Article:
Although he made his name playing ruthless, genteel villains like Die Hard's Hans Gruber and Robin Hood: Prince of Thieves' Sheriff of Nottingham, Alan Rickman proved himself equally remarkable in romantic, comic, and good-guy dramatic roles. An actor of brooding charisma who intones his lines in a deep, milky baritone, Rickman began his career on-stage, building up a sizable résumé before embarking on a film career.
Of Irish and Welsh parentage, Rickman was born in London's Hammersmith district on February 21, 1946. His father, who was a painter and decorator, died of cancer when the actor was eight, leaving behind Rickman, his mother, and three siblings. After winning a scholarship to West London's Latymer Upper School, Rickman began acting at the encouragement of his teachers. He also developed an interest in art, and he went on to study graphic design at the Royal College of Art. He founded a Soho-based design company, but after deciding that his heart was in acting, he abandoned the company when he was 26 to study at the Royal Academy of Dramatic Art. He spent three years there, serving as a dresser to such actors as Ralph Richardson and Nigel Hawthorne. After leaving RADA, Rickman began to make his name on the stage, first appearing in repertory and then landing lead roles in London productions. He gained particular acclaim for his portrayal of Valmont in a West End production of Les Liaisons Dangereuses, eventually reprising his role for the Broadway production and winning a Tony nomination.
In 1988, Rickman got his first dose of big-screen recognition with Die Hard. After the film's huge success, and praise for his delightfully nasty portrayal of the film's villain, he went on to make a couple of poorly received features, including 1989's The January Man and 1990s Quigley Down Under. Success greeted him again in 1991: playing Kevin Costner's nemesis, the vile and loathsome Sheriff of Nottingham, in Robin Hood: Prince of Thieves, Rickman proved to audiences why being bad could be so much fun. The same year, he endeared himself as a markedly more sympathetic character in Truly, Madly, Deeply. As a deceased cellist who reappears to comfort his lover (Juliet Stevenson), Rickman proved himself adept at romantic comedy, and began to accrue a reputation as a thinking woman's sex symbol (something he vocally resented).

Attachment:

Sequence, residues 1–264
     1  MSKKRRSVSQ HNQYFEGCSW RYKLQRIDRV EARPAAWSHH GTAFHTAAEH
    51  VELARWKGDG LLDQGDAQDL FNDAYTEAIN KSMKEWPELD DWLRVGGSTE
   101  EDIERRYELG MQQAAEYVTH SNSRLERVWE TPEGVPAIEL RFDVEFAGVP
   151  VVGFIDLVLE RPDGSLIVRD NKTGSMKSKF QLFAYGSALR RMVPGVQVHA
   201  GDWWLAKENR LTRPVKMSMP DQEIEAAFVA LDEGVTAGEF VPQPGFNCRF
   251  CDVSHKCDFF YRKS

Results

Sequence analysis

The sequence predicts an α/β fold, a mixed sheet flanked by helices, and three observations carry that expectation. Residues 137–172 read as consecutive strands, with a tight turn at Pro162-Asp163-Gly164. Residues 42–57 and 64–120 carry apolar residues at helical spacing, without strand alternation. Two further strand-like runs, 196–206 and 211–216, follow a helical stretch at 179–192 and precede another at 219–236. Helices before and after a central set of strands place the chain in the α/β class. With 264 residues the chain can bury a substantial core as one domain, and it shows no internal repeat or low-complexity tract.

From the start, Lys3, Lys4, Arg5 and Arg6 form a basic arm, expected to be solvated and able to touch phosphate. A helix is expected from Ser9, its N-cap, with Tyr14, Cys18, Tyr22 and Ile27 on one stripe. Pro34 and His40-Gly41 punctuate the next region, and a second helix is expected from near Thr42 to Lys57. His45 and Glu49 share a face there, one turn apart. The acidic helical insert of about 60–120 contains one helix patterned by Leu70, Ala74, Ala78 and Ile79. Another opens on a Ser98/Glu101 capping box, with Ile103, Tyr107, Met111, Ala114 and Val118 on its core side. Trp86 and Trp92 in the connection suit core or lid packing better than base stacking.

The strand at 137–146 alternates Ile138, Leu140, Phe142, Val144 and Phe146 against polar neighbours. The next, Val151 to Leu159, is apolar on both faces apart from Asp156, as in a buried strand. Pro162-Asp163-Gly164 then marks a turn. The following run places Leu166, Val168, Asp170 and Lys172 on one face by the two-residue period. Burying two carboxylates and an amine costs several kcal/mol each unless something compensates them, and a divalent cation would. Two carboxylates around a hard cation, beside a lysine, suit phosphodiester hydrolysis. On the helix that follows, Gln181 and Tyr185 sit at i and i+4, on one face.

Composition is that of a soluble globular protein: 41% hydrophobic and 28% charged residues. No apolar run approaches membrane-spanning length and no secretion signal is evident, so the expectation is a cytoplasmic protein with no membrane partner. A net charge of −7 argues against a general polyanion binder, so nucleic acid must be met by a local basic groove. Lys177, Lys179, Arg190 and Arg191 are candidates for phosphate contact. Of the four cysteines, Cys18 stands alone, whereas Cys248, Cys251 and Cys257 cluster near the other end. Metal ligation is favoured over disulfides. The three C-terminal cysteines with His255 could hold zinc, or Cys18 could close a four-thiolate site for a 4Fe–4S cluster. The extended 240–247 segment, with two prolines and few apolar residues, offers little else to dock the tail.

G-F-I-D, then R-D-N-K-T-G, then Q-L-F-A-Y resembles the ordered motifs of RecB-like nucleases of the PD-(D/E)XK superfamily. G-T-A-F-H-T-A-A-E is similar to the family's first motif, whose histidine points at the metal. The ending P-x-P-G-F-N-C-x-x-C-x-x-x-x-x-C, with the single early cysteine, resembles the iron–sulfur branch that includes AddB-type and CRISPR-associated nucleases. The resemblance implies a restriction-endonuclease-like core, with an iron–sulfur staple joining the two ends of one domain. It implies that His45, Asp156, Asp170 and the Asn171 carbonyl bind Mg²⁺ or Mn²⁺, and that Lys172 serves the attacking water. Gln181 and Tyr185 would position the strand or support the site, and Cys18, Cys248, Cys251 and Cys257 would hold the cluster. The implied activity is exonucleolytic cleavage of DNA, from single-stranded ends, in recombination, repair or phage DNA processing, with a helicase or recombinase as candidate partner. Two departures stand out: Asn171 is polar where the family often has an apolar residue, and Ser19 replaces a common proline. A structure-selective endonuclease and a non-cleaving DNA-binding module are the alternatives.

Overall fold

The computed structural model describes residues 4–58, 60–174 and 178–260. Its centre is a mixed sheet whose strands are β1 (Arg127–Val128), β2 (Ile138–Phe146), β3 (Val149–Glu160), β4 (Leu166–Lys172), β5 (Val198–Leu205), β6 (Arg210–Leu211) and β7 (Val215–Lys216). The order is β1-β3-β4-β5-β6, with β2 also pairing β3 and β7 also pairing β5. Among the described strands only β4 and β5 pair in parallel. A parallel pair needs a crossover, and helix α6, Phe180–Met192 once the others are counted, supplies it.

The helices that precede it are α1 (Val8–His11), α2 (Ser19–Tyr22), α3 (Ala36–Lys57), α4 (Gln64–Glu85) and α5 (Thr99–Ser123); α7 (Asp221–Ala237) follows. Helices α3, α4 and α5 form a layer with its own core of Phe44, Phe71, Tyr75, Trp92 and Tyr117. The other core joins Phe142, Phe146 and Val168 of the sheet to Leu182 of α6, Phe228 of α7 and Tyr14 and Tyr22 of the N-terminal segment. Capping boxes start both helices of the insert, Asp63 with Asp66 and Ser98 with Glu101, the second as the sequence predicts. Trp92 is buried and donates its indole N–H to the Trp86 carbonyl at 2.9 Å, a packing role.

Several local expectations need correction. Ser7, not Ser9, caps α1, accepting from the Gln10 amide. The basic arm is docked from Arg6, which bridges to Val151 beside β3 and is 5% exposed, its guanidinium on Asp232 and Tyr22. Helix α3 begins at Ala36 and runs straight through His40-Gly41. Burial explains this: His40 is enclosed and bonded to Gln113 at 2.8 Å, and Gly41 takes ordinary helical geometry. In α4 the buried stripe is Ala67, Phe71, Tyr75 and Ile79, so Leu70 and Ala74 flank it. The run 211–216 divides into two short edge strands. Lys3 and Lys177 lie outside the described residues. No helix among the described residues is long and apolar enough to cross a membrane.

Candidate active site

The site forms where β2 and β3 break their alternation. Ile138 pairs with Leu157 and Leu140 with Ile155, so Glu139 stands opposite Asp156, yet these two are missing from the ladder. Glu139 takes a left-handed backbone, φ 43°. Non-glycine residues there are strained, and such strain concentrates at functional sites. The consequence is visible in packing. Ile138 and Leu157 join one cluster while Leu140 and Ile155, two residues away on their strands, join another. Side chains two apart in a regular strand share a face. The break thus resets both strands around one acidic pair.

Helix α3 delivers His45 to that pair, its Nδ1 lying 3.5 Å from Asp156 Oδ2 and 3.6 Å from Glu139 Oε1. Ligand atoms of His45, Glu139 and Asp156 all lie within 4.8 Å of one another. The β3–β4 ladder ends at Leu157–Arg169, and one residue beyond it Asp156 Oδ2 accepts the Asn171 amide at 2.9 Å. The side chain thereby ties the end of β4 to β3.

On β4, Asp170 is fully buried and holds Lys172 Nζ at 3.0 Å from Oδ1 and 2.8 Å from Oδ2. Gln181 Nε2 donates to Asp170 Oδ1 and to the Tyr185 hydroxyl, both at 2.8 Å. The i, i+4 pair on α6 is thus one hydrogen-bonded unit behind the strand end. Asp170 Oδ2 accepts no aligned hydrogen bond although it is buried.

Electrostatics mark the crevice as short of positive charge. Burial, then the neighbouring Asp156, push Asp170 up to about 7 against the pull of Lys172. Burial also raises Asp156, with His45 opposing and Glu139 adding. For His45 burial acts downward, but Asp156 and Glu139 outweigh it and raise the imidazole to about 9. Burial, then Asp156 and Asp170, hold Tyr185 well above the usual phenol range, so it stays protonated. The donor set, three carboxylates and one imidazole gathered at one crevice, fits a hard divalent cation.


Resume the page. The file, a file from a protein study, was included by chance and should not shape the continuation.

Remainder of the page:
The actor spent the remainder of the decade turning in solid performances in a number of diverse films: he could be seen as an actor with a troubled past in An Awfully Big Adventure (1994), a very sympathetic Colonel Brandon in Sense and Sensibility (1995), Eamon de Valera in Michael Collins (1996), a has-been sci-fi television star in Galaxy Quest (1999), and a grumpy angel in Dogma (1999). In 1997, Rickman branched out into directing, making his debut with The Winter Guest. Starring real-life mother and daughter Phyllida Law and Emma Thompson as an estranged mother and daughter, the film won a number of positive notices, further establishing Rickman as a man of impressive versatility, both in front of and behind the camera.
Though Rickman's voice would be featured on the animated television series King of the Hill in 2003, he wasn't truly absorbed into mainstream pop-culture among the kid circuit until after starring in the movie adaptations of author J.K. Rowling's Harry Potter series. Rickman played the sinister Professor Snape in the films, one of the few post-pubescent constants in the franchise.
In 2005, just months before the fourth installment in the Potter series, Rickman showed up in the first big-screen adaptation of another literary series with a rabid fan base, lending his voice to the character of Marvin the neurotic robot in The Hitchhiker's Guide to the Galaxy.
He went on to appear in Perfume: The Story of a Murderer, and in 2007 he played Judge Turpin in Tim Burton's adaptation of Sweeney Todd. E reteamed with the director for Alice in Wonderland in 2010, and the next year saw the final installment of the Harry Potter franchise hitting screens. In 2013, he played President Ronald Reagan in Lee Daniels' The Butler and club owner Hilly Kristal in CBGB. The following year, Rickman directed his second feature film, A Little Chaos, and also appeared in the film as King Louis XIV. Rickman died in 2016, at age 69.